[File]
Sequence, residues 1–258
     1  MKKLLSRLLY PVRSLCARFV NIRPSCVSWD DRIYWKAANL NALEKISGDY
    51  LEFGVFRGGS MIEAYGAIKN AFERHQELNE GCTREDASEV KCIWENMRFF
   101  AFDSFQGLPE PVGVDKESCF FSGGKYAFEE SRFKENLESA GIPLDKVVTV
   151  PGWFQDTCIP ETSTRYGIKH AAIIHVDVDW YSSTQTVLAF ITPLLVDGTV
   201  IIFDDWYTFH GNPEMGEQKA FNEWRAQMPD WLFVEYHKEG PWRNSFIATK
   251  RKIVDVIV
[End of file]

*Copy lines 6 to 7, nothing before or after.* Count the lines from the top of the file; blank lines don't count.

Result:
   201  IIFDDWYTFH GNPEMGEQKA FNEWRAQMPD WLFVEYHKEG PWRNSFIATK
   251  RKIVDVIV